1. Emerging theory suggests that the ecosystem-level consequences of anthropogenic pressures depend on how species will be disassembled from ecological communities (i.e., the disassembly rule). Species loss, however, is not the sole ecological cause of ecosystem function loss: behaviors underpinning ecosystem function can also be disrupted by anthropogenic pressures without detectable declines of component species (“cryptic function loss”). 2. Here, we introduce a novel framework that integrates behavioral responses into community disassembly metrics. We applied...

New exceptionally-preserved panarthropods from the Drumian Wheeler Konservat-Lagerstätte of the House Range of Utah

Rudy Lerosey-Aubril, Julien Kimmig, Stephen Pates, Jacob Skabelund, Andries Weug & Javier Ortega-Hernández
The Drumian Wheeler Konservat-Lagerstätte of the House Range of Utah (Wheeler-HR) has yielded one of the most diverse exceptionally-preserved Cambrian biotas of North America. The discovery of soft-bodied fossils invariably provides precious insights on this remarkable Miaolingian biota, for most of its non-biomineralizing components are known from very few specimens. This contribution describes some 30 new exceptionally-preserved fossils of Wheeler panarthropods. Two new species are recognized, the radiodont Hurdia sp. nov. A and the megacheiran...

Repeated fire shifts carbon and nitrogen cycling by changing plant inputs and soil decomposition across ecosystems

Adam Francis Pellegrini, Sarah Hobbie, Peter Reich, Ari Jumpponen, Jack Brookshire, Anthony Caprio, Corli Coetsee & Robert Jackson
Fires shape the biogeochemistry and functioning of many ecosystems, and fire frequencies are changing across much of the globe. Frequent fires can change soil carbon (C) and nitrogen (N) storage by altering the quantity and chemistry of plant inputs through changes in plant biomass and composition as well as altering decomposition of soil organic matter. How decomposition rates change with shifting inputs remains uncertain because most studies focus on the effects of single fires, where...

Data from: Multilocus phylogenetic analyses of Hispaniolan and Bahamian trunk anoles (distichus species group)

Anthony J. Geneva, Jared Hilton, Sabina Noll & Richard E. Glor
The distichus species group includes six species and 21 subspecies of trunk ecomorph anoles distributed across Hispaniola and its satellite islands as well as the northern Bahamas. Although this group has long served as a model system for studies of reproductive character displacement, adaptation, behavior and speciation, it has never been the subject of a comprehensive phylogenetic analysis. Our goal here is to generate a multilocus phylogenetic dataset (one mitochondrial and seven nuclear loci) and...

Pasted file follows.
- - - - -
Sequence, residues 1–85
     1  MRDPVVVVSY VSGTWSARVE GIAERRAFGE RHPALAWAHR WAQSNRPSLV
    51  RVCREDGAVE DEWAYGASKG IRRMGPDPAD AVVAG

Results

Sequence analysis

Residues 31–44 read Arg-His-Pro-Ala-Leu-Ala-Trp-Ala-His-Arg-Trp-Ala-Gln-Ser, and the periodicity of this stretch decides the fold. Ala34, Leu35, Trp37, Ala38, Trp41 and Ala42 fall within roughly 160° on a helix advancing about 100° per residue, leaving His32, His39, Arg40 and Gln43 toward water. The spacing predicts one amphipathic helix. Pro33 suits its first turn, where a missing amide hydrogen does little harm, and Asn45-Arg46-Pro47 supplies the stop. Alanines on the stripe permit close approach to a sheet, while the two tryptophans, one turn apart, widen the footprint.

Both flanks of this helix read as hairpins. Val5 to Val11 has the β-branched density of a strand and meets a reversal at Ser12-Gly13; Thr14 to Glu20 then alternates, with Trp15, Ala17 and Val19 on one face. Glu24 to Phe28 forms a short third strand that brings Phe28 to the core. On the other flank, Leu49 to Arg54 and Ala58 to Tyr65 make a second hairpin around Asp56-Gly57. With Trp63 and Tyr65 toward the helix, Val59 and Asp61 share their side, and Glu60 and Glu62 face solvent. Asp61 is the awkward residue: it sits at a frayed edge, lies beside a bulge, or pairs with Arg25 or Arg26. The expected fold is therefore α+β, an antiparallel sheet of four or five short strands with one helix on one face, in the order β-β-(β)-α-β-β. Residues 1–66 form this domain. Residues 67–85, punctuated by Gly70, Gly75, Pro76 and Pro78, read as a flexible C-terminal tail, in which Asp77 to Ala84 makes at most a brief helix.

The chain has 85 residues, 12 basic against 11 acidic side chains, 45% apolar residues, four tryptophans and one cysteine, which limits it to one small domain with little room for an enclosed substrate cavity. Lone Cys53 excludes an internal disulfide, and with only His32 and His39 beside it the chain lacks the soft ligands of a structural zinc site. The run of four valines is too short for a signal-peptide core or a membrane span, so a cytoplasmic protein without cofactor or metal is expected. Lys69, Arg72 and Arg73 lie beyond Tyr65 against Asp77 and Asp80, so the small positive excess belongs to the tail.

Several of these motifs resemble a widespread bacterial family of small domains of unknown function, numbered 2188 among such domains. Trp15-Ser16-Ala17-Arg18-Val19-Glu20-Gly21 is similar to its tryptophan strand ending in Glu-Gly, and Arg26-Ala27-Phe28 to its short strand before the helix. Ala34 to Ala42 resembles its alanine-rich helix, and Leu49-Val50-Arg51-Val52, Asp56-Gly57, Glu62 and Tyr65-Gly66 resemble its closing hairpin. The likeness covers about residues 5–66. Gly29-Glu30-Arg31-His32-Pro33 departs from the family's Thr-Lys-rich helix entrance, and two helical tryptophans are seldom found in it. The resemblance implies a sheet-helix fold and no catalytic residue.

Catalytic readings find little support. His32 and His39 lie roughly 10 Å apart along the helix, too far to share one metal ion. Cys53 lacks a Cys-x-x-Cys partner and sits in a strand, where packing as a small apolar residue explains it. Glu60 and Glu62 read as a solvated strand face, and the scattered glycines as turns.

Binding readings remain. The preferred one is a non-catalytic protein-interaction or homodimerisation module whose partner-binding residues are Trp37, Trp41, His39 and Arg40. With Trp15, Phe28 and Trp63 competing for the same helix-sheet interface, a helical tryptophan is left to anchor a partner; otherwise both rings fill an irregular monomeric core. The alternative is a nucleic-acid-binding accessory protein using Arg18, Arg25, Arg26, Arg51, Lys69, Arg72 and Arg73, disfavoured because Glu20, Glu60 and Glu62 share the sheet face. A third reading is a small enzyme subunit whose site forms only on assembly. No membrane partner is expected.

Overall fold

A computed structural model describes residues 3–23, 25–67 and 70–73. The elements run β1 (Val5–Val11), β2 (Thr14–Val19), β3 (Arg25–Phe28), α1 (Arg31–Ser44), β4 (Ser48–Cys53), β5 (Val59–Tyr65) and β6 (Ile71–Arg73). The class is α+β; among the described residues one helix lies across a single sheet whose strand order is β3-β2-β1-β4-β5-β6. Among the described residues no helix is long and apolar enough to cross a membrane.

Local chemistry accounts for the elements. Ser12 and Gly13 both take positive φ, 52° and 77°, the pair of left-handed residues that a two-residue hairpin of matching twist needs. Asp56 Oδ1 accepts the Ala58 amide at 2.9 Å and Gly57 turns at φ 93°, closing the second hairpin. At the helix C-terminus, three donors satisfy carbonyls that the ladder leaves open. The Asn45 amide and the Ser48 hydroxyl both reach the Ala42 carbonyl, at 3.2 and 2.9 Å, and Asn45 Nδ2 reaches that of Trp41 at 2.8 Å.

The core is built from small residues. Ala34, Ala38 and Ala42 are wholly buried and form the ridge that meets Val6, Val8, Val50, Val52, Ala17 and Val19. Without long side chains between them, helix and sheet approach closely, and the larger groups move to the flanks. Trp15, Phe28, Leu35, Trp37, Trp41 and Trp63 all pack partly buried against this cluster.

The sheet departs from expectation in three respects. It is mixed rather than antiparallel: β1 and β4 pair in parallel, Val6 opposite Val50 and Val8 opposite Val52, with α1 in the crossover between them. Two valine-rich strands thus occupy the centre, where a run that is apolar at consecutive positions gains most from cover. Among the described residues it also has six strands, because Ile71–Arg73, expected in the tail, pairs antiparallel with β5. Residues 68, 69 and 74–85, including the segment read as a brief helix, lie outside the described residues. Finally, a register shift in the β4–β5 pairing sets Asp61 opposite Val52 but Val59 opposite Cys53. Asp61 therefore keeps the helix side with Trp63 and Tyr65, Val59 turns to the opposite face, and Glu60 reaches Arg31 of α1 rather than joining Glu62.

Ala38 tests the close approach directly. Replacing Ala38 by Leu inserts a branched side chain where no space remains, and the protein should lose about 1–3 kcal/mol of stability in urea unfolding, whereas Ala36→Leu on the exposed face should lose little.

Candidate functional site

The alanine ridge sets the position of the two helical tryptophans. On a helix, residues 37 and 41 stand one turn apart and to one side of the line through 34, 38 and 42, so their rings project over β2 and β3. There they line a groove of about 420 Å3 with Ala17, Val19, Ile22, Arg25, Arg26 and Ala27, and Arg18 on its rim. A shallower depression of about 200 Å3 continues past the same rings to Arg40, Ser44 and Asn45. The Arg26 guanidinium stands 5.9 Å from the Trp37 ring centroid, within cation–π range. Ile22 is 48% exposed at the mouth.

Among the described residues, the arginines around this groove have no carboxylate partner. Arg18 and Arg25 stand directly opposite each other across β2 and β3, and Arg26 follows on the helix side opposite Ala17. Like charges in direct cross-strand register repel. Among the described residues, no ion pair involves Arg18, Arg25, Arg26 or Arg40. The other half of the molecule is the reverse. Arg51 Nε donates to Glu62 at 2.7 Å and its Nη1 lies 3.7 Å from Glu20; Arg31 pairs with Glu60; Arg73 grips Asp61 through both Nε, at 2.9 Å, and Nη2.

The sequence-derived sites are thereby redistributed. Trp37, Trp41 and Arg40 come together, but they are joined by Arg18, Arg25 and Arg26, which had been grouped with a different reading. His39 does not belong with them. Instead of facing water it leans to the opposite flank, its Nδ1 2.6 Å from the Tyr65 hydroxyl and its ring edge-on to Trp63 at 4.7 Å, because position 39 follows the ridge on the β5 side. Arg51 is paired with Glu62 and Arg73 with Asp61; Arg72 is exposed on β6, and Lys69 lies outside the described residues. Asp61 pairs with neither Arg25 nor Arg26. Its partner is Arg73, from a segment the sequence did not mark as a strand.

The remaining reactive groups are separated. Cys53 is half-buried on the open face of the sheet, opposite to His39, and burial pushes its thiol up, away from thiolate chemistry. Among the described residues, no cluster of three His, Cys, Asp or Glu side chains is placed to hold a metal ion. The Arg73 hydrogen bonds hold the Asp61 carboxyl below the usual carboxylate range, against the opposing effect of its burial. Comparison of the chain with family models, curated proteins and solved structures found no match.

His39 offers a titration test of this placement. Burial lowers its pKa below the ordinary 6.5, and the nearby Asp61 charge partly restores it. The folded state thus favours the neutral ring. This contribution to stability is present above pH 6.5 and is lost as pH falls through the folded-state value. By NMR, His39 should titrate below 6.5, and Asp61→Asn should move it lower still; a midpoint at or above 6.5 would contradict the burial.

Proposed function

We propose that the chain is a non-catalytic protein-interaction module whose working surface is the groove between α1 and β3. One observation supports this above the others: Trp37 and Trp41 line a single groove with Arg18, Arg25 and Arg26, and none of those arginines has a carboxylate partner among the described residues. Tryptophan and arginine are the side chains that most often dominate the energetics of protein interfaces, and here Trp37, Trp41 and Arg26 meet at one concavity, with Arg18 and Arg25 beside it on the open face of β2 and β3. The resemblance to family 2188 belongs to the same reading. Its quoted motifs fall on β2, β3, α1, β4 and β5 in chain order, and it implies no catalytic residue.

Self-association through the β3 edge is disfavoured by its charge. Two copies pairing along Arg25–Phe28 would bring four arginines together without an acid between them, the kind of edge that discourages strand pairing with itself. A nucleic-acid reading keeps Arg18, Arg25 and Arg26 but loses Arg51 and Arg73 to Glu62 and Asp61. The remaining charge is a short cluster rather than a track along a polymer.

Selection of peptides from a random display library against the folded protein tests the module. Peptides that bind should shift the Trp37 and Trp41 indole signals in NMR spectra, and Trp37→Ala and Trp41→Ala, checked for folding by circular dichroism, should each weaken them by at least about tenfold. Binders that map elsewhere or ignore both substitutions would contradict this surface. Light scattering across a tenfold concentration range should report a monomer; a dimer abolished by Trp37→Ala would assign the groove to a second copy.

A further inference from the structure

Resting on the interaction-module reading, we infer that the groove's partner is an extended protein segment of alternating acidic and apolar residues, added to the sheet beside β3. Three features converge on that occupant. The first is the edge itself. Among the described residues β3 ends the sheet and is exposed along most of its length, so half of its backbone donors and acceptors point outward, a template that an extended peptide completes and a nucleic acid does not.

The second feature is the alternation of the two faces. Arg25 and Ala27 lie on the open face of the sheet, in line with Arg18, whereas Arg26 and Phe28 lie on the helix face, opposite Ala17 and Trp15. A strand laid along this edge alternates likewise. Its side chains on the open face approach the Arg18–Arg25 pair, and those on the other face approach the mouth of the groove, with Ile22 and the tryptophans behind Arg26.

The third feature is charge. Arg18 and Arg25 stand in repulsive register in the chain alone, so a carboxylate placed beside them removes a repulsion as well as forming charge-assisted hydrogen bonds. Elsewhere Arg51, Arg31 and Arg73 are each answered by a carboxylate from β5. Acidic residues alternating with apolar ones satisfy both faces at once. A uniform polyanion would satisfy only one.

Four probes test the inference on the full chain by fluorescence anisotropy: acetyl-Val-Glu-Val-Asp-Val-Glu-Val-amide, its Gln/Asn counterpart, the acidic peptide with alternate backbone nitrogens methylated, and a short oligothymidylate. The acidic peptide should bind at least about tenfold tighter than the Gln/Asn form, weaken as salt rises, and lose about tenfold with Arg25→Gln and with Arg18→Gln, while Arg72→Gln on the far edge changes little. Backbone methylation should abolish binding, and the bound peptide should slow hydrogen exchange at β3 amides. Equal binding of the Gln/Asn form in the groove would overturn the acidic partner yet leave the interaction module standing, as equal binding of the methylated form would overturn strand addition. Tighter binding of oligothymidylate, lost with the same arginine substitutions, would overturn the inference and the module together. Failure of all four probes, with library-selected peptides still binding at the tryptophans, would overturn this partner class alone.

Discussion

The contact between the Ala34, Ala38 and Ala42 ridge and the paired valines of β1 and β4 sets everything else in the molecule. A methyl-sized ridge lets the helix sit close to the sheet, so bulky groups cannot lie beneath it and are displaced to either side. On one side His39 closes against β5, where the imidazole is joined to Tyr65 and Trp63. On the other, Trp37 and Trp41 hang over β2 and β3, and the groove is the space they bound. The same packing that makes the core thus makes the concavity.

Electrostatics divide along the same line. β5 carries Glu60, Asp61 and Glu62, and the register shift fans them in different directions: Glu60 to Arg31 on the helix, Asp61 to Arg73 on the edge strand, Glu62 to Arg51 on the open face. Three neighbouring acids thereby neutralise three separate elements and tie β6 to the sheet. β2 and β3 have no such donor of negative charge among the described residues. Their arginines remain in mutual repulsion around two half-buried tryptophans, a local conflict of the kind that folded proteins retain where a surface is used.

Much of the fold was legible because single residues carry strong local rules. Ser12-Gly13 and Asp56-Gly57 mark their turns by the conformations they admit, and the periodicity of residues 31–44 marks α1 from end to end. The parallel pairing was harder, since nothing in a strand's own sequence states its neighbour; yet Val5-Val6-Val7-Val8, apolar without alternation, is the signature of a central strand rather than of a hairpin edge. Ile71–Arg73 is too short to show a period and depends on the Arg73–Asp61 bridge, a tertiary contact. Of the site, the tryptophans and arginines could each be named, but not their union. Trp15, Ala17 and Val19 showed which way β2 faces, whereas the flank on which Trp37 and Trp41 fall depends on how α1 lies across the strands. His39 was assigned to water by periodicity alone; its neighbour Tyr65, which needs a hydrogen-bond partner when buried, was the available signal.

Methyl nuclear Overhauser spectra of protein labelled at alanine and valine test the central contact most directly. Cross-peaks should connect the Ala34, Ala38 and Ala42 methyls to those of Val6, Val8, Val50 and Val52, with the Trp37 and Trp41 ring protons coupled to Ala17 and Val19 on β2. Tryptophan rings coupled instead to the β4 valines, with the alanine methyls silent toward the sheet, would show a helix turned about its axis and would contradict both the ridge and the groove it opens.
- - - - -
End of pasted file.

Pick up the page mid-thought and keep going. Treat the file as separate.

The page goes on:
Data from: Relative selectivity of plant cardenolides for Na+/K+-ATPases from the monarch butterfly and non-resistant insects

Georg Petschenka, Colleen S. Fei, Juan J. Araya, Susanne Schröder, Barbara N. Timmermann & Anurag A. Agrawal
A major prediction of coevolutionary theory is that plants may target particular herbivores with secondary compounds that are selectively defensive. The highly specialized monarch butterfly (Danaus plexippus) copes well with cardiac glycosides (inhibitors of animal Na+/K+-ATPases) from its milkweed host plants, but selective inhibition of its Na+/K+-ATPase by different compounds has not been previously tested. We applied 17 cardiac glycosides to the D. plexippus-Na+/K+-ATPase and to the more susceptible Na+/K+-ATPases of two non-adapted insects (Euploea...

Data from: The comparative biogeography of Philippine geckos challenges predictions from a paradigm of climate-driven vicariant diversification across an island archipelago

Jamie R Oaks, Cameron D. Siler & Rafe M. Brown
A primary goal of biogeography is to understand how large-scale environmental processes, like climate change, affect diversification. One often-invoked but seldom tested process is the so-called ''species-pump'' model, in which repeated bouts of co-speciation is driven by oscillating climate-induced habitat connectivity cycles. For example, over the past three million years, the landscape of the Philippine Islands has repeatedly coalesced and fragmented due to sea-level changes associated with the glacial cycles. This repeated climate-driven vicariance has...

Data from: Frequent fire slows microbial decomposition of newly deposited fine fuels in a pyrophilic ecosystem

Jacob Hopkins
Frequent fires maintain nearly 50% of terrestrial ecosystems, and drive ecosystem changes that govern future fires. Since fires are dependent on available plant or fine fuels, ecosystem processes that alter fine fuel loads like microbial decomposition are particularly important and could modify future fires. We hypothesized that variation in short-term fire history would influence fuel dynamics in such ecosystems. We predicted that frequent fires within a short-time period would slow microbial decomposition of new fine...

A test of island biogeographic theory applied to estimates of gene flow in a Fijian bird is largely consistent with neutral expectations

Ethan Gyllenhaal, Xena Mapel, Alivereti Naikatini, Robert Moyle & Michael Andersen
Islands were key to the development of allopatric speciation theory because they are a natural laboratory of repeated barriers to gene flow caused by open water gaps. Despite their proclivity for promoting divergence, little empirical work has quantified the extent of gene flow among island populations. Following classic island biogeographic theory, two metrics of interest are relative island size and distance. Fiji presents an ideal system for studying these dynamics, with four main islands that...

Gene flow creates a mirage of cryptic species in a Southeast Asian spotted stream frog complex

Kin Onn Chan, Carl Hutter, Perry Lee Wood, Lee Grismer, Indraneil Das & Rafe Brown
Most new cryptic species are described using conventional tree- and distance-based species delimitation methods (SDMs), which rely on phylogenetic arrangements and measures of genetic divergence. However, although numerous factors such as population structure and gene flow are known to confound phylogenetic and species delimitation inferences, the influence of these processes on species estimation is not frequently evaluated. Using large amounts of exons, introns, and ultraconserved elements obtained using the FrogCap sequence-capture protocol, we compared conventional...

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  • University of Kansas